Going vegan can make it more challenging to meet the needs for certain nutrients, such as vitamins D and B12, iron, zinc, and calcium. This is especially true on a raw vegan diet because cooking options are limited. A 2019 paper published in Advanced Research in Life Sciences notes that a raw vegan may also be insufficient in protein; selenium, needed for thyroid function, DNA production, and cell protection from damage caused by free radicals and infection; and the omega-3 fatty acids eicosapentaenoic acid (EPA) and docosahexaenoic acid (DHA), which counter inflammation.

Another older study found that, among a small group of volunteers, a raw plant-based diet was associated with low bone mass and density. And long term, a raw diet has been shown to trigger partial to complete amenorrhea, the loss of a menstrual period.

A raw vegan diet can also be difficult to stick with over time. A 2008 study checked in with people 12 weeks after a one- to three-week stay at a raw vegan institute. Only 14 of 84 participants reported 80% or greater compliance to the raw vegan diet after three months. Challenges to adherence included the influence of close friends and family (who were not following the raw vegan diet), the labor-intensive nature of the diet, and being surrounded and tempted by other non-raw vegan foods.

Another con is that, since cooking kills bacteria, consuming a raw diet could potentially up the risk of foodborne illness. In addition, raw foods can be very high in fiber, which could impact digestive health since fiber intake should be increased gradually over time to allow the digestive system to adapt. Regarding weight management, a raw vegan diet could lead to weight loss (because the foods are very filling) or weight gain (if too many calories are consumed from raw nuts, coconut, and fruit), meaning with this diet, weight management can be unpredictable.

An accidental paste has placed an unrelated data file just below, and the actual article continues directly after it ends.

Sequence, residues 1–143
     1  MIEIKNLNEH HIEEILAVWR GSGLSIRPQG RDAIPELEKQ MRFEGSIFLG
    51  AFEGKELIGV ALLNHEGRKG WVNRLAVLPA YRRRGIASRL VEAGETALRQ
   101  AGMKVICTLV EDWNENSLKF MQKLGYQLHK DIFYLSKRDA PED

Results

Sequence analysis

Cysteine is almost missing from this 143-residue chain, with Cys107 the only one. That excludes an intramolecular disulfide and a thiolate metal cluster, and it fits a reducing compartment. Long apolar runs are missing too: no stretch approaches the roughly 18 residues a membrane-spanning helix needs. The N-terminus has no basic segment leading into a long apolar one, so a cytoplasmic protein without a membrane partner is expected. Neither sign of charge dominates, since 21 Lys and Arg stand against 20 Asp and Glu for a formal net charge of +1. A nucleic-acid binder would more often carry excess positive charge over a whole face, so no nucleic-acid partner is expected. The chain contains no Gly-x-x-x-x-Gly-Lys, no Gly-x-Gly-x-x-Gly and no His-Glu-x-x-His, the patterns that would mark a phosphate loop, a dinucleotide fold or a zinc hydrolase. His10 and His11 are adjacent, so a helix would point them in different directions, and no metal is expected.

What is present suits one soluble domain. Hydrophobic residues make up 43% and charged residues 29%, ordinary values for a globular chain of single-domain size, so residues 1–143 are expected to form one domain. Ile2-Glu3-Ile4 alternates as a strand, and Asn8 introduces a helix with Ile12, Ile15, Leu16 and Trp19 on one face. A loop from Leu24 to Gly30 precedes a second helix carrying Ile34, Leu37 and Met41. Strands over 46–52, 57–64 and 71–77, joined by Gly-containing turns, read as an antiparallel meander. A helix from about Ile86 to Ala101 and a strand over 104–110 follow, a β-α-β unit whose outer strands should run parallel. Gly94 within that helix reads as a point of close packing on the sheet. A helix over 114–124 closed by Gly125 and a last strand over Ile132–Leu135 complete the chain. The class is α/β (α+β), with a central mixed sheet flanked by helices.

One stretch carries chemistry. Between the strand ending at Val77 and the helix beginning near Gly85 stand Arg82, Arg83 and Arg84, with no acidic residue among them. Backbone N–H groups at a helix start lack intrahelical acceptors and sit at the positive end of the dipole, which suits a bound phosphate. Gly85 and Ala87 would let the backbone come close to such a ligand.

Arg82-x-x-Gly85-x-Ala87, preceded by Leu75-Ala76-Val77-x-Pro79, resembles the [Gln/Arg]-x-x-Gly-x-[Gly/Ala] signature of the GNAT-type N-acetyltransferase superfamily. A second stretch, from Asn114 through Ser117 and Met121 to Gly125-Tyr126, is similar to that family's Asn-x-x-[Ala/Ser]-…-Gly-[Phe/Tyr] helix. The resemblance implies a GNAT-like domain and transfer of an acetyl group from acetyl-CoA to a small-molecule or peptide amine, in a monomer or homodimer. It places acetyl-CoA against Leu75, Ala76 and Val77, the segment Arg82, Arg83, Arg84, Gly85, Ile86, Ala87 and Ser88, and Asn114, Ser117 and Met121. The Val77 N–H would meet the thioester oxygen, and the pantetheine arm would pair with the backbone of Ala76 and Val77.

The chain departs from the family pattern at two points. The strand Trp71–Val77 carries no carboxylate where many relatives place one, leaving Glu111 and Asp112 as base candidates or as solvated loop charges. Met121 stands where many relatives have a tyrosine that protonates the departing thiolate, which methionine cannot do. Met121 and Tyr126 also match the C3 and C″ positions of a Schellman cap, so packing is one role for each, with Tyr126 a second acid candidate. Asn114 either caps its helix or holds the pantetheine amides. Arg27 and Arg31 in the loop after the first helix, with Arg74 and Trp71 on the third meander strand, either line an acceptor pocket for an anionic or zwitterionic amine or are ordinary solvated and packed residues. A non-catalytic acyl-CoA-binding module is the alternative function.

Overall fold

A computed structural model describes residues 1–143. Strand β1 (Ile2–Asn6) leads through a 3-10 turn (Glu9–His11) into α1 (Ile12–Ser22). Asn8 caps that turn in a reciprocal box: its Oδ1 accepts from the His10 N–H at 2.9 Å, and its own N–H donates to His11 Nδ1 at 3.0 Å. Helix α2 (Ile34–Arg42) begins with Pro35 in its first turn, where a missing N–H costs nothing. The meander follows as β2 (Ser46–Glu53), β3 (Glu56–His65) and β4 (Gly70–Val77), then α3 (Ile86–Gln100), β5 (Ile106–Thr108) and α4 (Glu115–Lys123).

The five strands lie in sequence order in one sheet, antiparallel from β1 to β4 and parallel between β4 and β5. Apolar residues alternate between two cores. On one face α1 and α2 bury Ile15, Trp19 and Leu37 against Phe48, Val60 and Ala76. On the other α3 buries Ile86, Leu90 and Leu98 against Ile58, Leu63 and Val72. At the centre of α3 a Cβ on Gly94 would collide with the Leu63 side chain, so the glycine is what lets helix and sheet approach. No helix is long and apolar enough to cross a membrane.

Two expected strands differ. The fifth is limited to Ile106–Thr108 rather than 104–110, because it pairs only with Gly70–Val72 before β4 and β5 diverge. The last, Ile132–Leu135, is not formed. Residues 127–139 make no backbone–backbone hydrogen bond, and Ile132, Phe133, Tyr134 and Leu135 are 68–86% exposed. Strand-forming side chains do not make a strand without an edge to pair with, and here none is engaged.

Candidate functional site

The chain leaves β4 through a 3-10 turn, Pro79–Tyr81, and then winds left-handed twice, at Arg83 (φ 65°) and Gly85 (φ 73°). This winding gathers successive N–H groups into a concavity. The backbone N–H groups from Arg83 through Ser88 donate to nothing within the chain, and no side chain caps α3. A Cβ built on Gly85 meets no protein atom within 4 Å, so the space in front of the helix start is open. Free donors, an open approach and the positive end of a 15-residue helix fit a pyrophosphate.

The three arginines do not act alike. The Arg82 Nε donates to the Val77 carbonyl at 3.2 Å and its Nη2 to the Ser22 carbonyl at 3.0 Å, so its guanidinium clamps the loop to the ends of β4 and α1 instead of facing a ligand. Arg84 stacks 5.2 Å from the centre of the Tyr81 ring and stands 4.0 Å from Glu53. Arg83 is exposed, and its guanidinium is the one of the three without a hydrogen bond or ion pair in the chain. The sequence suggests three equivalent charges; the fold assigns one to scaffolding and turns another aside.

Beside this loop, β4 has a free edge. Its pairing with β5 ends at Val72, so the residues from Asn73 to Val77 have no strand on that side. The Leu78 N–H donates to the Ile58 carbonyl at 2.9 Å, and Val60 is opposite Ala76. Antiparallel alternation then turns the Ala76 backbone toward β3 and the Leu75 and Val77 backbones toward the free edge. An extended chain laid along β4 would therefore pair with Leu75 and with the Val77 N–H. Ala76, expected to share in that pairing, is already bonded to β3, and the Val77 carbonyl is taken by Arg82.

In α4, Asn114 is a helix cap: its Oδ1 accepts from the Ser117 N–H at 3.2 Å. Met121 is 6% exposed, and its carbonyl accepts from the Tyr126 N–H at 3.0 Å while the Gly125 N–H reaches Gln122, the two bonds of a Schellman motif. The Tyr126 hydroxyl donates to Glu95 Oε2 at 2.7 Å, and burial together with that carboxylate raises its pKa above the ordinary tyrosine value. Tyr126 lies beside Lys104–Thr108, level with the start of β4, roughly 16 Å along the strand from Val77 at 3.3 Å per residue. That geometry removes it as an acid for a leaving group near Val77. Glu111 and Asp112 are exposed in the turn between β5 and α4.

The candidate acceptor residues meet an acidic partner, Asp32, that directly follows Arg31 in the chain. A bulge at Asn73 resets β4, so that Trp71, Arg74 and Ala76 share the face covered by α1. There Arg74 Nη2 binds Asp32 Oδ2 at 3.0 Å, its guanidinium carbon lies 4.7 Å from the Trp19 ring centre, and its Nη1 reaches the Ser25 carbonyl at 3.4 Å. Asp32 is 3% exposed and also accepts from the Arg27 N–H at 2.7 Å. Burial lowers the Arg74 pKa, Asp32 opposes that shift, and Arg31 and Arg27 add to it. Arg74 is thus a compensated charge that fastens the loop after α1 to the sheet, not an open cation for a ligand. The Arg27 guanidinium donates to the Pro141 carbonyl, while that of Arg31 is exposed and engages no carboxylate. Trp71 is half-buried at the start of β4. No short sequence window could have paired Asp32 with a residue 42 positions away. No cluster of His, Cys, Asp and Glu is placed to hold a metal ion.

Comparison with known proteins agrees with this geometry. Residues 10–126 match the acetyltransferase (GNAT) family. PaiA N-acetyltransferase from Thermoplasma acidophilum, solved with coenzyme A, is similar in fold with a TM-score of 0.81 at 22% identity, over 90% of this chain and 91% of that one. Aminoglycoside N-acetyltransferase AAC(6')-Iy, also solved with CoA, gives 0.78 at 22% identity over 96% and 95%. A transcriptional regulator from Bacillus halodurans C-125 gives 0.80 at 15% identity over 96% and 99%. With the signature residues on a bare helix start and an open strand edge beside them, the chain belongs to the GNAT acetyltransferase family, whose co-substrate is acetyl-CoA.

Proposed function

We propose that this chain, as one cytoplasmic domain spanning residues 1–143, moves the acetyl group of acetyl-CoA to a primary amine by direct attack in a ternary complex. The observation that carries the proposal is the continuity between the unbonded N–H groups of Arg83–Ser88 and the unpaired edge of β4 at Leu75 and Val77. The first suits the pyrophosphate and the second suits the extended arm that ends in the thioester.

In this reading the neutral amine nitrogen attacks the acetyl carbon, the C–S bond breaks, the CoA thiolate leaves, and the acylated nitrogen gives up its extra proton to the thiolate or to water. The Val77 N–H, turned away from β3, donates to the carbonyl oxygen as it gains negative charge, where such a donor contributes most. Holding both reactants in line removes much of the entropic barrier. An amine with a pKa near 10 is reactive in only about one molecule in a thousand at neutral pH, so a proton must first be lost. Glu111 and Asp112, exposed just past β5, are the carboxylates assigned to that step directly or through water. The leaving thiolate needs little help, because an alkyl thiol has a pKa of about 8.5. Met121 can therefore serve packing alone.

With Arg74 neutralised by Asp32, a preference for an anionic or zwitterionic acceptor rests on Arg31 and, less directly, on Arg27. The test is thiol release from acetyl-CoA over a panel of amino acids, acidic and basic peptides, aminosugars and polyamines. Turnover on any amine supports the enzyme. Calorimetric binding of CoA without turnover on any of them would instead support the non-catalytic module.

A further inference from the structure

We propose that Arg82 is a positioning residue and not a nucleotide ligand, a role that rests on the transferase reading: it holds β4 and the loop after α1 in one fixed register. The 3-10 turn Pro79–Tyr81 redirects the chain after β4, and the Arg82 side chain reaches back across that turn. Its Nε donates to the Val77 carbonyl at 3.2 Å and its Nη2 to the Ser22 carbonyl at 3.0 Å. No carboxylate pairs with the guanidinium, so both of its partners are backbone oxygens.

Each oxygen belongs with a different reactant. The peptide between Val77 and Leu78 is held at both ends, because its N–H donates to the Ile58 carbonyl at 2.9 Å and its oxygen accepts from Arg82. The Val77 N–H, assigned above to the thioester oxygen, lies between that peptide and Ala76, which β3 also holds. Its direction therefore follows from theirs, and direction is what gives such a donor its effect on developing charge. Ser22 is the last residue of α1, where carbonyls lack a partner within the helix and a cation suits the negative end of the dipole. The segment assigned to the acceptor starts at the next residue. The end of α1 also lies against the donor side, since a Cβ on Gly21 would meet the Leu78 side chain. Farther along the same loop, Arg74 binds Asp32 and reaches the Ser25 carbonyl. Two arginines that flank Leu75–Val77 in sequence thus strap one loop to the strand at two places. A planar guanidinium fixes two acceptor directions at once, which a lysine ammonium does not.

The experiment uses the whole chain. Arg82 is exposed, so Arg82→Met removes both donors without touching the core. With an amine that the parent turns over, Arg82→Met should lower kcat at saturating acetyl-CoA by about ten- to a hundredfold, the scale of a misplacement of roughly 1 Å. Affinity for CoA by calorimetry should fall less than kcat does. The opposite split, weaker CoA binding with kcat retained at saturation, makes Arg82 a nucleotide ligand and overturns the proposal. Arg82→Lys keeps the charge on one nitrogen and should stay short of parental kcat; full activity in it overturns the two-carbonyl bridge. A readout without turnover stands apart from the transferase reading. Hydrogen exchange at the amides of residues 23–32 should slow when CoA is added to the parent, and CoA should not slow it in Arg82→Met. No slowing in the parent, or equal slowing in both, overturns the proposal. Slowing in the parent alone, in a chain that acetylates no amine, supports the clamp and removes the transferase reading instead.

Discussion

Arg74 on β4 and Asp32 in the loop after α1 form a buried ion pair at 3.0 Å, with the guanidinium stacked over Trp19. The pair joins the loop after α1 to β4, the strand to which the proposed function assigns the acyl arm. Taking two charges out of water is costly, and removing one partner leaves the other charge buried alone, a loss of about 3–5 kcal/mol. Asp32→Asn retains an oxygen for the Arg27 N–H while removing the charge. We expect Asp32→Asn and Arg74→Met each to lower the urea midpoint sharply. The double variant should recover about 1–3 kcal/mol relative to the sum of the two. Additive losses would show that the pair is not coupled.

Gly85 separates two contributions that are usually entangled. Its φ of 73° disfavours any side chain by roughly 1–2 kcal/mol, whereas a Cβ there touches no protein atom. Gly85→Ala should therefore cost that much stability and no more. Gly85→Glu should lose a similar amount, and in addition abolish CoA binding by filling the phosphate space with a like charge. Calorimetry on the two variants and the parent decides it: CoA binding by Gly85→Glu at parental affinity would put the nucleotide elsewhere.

Finally, experienced raw chefs can be quite creative, but preparing raw vegan meals on your own requires time, skills—including sprouting and soaking—and in some cases special equipment. There are also some foods and beverages that may be difficult to give up, including coffee made from roasted beans, and well-cooked foods like roasted veggies and baked goods.

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Bottom line

If you are raw vegan or are thinking of going raw vegan, consult with a registered dietitian (RD) who specializes in vegan diets. Or at the very least, refer to a reference book, like Becoming Raw ($17,, written by two RDs. An expert, or an expert-written resource, can help you avoid nutrient deficiencies, answer pertinent questions, and offer guidance in regard to meal plans and potential supplements. And remember, it doesn't have to be all or nothing. You can benefit from even a partial raw vegan diet, along with other cooked whole plant based foods and occasional can't-live-without treats.

Cynthia Sass, MPH, RD, is Health's contributing nutrition editor, a New York Times best-selling author, and a private practice performance nutritionist who has consulted for five professional sports teams.